Franklin’s and Lincoln’s governments issued their own debt-free fiat money, instead of borrowing balance sheet money from banks.
    The “policy” of that “non-sequitur” was to pay for what the government needed by issuing spendable money rather than by taxing the people and rather than borrowing bank-issued credit/debt; and in the same process the fiat money-issuance policy provided the economy with a supply of debt-free and interest-free fiat “money” to use. This was in lieu of the bankers’ repayable loans of interest-bearing credit/debt money.
    So the non-sequitur found its policy.
    Some call it monetary democracy.
    Or monetary sovereignty: governments issuing money as positive sum “money”, instead of banks issuing zero sum repayable credits as debts.
    Government-issued fiat money is a positive sum alternative to the commercial bank-issued zero sum credit/debt monopoly.
    http://econintersect.com/pages/opinion/opinion.php?post=201512300112

    • January 8, 2016 at 3:39 am

      Justaluckyfool: Like anybody else who makes weird distinctions between money & debt, like any “debt-free money” fan, like anyone who thinks there is something wrong with MMT or accountancy he is simply not using ordinary words with their ordinary meanings, but confusing himself by random, purposeless misuses. Unfortunately this weird way of speaking is very widespread in talking about money & economics, because nobody wants to admit they have no idea!

      BTW, Soddy was an honest man, was mostly right and the MMTers have read & do credit him. I’d appreciate it if you could shorten your posts on him a bit though. Though I would say that being such a Soddy fan makes you less confused than many commenters above. Just avoid the debt-free psychosis.

      Abe Lincoln: If I called a dog’s tail a leg, how many legs would a dog have?
      Answer: Five, I guess.
      Abe: No, four. Calling a tail a leg doesn’t make it one.

      What the debt-free people are doing is more like calling one of a dog’s legs “a tail” and fanatically insisting that all dogs have three legs. No wonder those poor dogs don’t hunt!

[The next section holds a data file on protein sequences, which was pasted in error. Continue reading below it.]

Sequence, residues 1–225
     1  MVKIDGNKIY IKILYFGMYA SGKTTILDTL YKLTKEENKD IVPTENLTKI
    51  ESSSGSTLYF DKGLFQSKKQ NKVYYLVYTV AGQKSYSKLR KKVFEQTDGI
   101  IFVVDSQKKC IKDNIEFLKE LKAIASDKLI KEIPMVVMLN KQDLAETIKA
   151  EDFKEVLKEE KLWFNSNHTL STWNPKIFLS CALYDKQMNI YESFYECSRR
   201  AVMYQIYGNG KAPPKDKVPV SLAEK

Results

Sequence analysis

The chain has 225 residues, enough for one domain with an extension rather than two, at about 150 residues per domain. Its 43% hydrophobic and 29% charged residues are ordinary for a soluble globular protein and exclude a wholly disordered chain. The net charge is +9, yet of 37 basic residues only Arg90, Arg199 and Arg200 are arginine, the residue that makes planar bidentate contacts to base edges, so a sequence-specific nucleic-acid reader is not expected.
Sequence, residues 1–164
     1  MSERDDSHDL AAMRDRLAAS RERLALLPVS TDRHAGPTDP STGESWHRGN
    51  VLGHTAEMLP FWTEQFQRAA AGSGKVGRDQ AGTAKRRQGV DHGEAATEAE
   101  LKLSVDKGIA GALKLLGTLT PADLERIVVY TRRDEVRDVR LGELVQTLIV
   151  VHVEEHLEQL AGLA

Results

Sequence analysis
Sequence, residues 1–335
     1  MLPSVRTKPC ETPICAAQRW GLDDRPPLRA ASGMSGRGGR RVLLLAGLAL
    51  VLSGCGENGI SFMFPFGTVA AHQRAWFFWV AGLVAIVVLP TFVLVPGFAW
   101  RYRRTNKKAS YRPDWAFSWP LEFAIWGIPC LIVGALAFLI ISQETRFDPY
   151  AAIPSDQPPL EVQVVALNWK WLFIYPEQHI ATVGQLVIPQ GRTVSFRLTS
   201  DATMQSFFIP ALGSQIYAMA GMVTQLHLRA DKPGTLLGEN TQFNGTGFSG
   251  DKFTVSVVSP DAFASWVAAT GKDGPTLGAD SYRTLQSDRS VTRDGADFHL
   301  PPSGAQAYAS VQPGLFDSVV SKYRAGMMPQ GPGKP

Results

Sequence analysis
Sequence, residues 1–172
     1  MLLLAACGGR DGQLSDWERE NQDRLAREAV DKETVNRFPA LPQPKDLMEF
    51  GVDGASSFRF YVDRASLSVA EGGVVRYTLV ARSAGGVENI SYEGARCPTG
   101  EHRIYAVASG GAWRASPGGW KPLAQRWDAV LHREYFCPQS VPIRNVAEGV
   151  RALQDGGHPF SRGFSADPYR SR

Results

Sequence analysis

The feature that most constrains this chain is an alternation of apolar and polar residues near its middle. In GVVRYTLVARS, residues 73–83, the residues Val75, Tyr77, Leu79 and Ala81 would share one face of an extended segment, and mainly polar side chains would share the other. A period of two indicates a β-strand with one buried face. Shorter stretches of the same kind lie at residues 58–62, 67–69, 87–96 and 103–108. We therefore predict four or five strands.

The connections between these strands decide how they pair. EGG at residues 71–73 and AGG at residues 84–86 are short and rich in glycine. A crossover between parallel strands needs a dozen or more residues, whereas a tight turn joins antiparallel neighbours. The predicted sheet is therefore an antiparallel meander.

18. January 8, 2016 at 4:42 pm

    Calgacus commented on Randall Wray attacks “debt-free-money cranks” based on sloppy arguments. in response to justaluckyfool:
    “Justaluckyfool: Like anybody else who makes weird distinctions between money & debt, like any “debt-free money” fan, like anyone who thinks there is something wrong with MMT or accountancy he is simply not using ordinary words with their ordinary meanings, but confusing himself by random, purposeless misuses. Unfortunately this weird way of speaking is very widespread in talking about money & economics, because nobody wants to admit they have no idea!
    BTW, Soddy was an honest man, was mostly right and the MMTers have read & do credit him. I’d appreciate it if you could shorten your posts on him a bit though”

    First and foremost, Thank you for your reply and I must thank Rwer for allowing dialog on their site.
    I am an almost 80 year old “fool” who just by chance discovered the writings of Frederick Soddy.
    I have no right to a valid opinion in these discussions. I feel that I have a moral obligation to quote
    Frederick Soddy because…”***** “Believe nothing merely because you have been told it…But whatsoever, after due examination and analysis,you find to be kind, conducive to the good, the benefit,the welfare of all beings – that doctrine believe and cling to,and take it as your guide.”- Buddha[Gautama Siddharta] (563 – 483 BC),
    As for your statement…”BTW, Soddy was an honest man, was mostly right and the MMTers have read & do credit him.”
    ….”was mostly right”…? What part of his definition of “The Role Of Money” was right and what part was wrong?
    Please, since I have received this burdon, I have been tormented by my inability to get answers, so I plead for your help for peace of mind…” due examination and analysis”.
    As for your statement, ” MMTers have read & do credit him.”
    Where, when, and how??
    MMTers are diametrically opposed to Frederick Soddy’s basic theory (A fools opinion of actual now proven fact).
    I must beg for forgiveness while at the same time make use of this wonderful forum. I must answer not in my unworthy
    voice but rather n the words of Frederick Soddy,

    It is important to realize that whichever way it
    works it is a case for the bank of ” Heads I win,
    tails you lose “. Moreover, the money in which